As a sales manager and a sales consultant, I have witnessed literally thousands of sales calls with competent and hard-working salespeople—professionals who have done their homework on the prospect, prepared thought-provoking questions that make it obvious they know something about the prospect’s business, and who pose questions with a genuine interest in hearing the answers. Sometimes it is magical and they help the prospect clarify a specific problem that needs to be addressed or an opportunity on which they would really like to capitalize. And, sometimes, all they do is get their questions answered and move on. Too bad.
What makes the difference between an interactive conversation that engages the prospect and one that is rote and turns into simply an information-gathering exercise? Follow up questions. Good follow up questions are never scripted. Good follow up questions show you were listening, that you are interested, and that you really need to learn more about the headline the prospect has just shared. Some simple open probes can reveal a lot of context and detail you need to know about a problem or opportunity—information you will probably never get if you simply move on to your next beautifully-crafted question. For example:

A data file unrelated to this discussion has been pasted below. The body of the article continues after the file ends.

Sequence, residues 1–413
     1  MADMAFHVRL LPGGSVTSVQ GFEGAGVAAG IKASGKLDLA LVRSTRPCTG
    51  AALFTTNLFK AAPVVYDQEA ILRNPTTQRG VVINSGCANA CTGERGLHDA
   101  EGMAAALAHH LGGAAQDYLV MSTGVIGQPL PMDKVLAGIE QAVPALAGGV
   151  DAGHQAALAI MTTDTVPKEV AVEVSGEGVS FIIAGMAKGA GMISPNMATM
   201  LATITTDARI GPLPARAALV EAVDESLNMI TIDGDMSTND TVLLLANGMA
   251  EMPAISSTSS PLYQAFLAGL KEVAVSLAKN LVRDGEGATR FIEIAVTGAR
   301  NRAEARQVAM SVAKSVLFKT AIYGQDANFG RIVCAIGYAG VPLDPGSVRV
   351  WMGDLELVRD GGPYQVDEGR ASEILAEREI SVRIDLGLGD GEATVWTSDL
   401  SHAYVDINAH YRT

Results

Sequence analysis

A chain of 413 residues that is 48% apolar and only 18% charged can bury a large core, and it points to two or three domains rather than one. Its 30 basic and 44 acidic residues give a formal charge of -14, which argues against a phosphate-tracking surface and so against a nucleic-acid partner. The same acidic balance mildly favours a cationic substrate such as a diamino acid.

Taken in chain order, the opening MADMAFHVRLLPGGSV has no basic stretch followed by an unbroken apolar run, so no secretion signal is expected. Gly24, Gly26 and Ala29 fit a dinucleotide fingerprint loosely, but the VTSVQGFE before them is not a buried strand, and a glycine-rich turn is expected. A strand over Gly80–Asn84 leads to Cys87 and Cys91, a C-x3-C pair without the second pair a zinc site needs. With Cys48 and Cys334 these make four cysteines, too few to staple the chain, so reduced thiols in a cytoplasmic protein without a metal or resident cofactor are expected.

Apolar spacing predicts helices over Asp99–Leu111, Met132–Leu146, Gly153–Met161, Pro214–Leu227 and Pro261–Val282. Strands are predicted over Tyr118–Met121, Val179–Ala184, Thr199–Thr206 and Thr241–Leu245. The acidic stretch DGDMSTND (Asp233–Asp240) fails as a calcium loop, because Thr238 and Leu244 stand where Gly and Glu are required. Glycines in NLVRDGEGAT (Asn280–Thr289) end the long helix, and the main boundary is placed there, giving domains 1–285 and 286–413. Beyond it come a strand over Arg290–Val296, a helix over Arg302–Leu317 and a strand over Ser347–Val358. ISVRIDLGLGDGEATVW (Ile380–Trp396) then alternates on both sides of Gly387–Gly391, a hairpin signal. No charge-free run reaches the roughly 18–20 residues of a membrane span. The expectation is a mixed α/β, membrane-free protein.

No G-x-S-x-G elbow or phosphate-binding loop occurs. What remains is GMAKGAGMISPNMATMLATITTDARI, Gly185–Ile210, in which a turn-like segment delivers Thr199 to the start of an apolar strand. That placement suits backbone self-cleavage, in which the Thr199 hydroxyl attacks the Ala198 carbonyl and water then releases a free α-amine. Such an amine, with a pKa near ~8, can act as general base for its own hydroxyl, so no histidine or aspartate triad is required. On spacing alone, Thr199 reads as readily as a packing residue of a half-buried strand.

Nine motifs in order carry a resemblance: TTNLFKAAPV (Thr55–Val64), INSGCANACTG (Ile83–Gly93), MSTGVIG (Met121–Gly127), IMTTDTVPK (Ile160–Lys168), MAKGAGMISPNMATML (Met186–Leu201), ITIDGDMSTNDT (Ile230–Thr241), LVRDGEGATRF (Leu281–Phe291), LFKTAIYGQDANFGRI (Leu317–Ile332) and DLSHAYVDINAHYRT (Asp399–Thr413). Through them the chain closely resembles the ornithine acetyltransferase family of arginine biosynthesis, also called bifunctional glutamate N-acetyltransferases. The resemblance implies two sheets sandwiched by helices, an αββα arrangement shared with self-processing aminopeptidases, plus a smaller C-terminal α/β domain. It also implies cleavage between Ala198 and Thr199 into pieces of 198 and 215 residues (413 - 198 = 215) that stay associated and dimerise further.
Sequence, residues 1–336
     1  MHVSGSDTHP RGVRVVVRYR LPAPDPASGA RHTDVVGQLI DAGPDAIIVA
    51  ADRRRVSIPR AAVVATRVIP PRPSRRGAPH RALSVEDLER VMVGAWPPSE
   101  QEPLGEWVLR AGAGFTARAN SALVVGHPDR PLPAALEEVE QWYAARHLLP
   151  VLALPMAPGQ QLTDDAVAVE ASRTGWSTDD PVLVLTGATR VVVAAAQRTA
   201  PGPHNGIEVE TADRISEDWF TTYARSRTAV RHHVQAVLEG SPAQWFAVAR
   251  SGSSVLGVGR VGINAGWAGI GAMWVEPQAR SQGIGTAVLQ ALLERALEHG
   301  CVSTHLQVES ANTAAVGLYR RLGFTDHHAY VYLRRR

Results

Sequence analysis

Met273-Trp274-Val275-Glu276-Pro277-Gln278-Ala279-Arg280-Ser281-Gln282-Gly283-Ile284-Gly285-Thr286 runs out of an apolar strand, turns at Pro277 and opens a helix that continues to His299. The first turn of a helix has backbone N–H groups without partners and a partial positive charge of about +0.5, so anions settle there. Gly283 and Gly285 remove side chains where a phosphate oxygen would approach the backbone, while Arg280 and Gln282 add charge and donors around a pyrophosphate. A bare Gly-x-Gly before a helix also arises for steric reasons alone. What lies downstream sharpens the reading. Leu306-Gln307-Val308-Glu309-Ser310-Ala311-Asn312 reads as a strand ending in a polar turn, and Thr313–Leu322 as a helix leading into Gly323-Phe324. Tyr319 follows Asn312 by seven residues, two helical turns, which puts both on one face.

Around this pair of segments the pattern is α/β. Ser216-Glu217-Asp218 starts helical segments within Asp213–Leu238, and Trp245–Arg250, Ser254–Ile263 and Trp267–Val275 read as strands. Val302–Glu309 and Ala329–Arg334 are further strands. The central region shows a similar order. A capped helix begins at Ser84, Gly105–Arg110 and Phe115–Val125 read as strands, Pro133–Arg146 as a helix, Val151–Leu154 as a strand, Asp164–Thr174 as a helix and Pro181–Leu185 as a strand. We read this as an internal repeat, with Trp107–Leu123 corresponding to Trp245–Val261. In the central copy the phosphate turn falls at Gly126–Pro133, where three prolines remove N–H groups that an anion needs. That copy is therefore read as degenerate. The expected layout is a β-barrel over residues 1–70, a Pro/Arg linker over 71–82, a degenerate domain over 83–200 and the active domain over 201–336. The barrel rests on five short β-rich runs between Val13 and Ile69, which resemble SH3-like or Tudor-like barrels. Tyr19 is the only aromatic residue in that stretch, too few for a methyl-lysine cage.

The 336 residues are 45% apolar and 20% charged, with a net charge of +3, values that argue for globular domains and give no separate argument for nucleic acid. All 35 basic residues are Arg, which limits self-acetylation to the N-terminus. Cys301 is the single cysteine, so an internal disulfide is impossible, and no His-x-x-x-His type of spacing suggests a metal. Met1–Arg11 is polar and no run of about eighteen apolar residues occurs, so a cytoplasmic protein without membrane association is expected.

- That’s interesting. Tell me why you say that.
- What do you mean by that?
- Really? Tell me more about that.
The follow up probes become even stronger when you add the headline from what you just heard:
- So, tell me why the change in zoning is going to affect you more than your competitors.
- Tell me more about why it’s been so tough to get people to book appointments on your website.
These are the same open probes as above but show you have been listening closely. They get prospects talking about things they are very interested in, and they reveal information you and your team will need if you are going to tailor a solution. So, have a few of these handy probes ready to pepper in between the questions you prepared in advance. The conversation will seem a lot more natural, you will learn more, and the prospect will see that you are listening and genuinely interested in improving his or her business. You do need to prepare a number of timely and topical questions, but, some of the most impactful questions you ask could never be prepared in advance.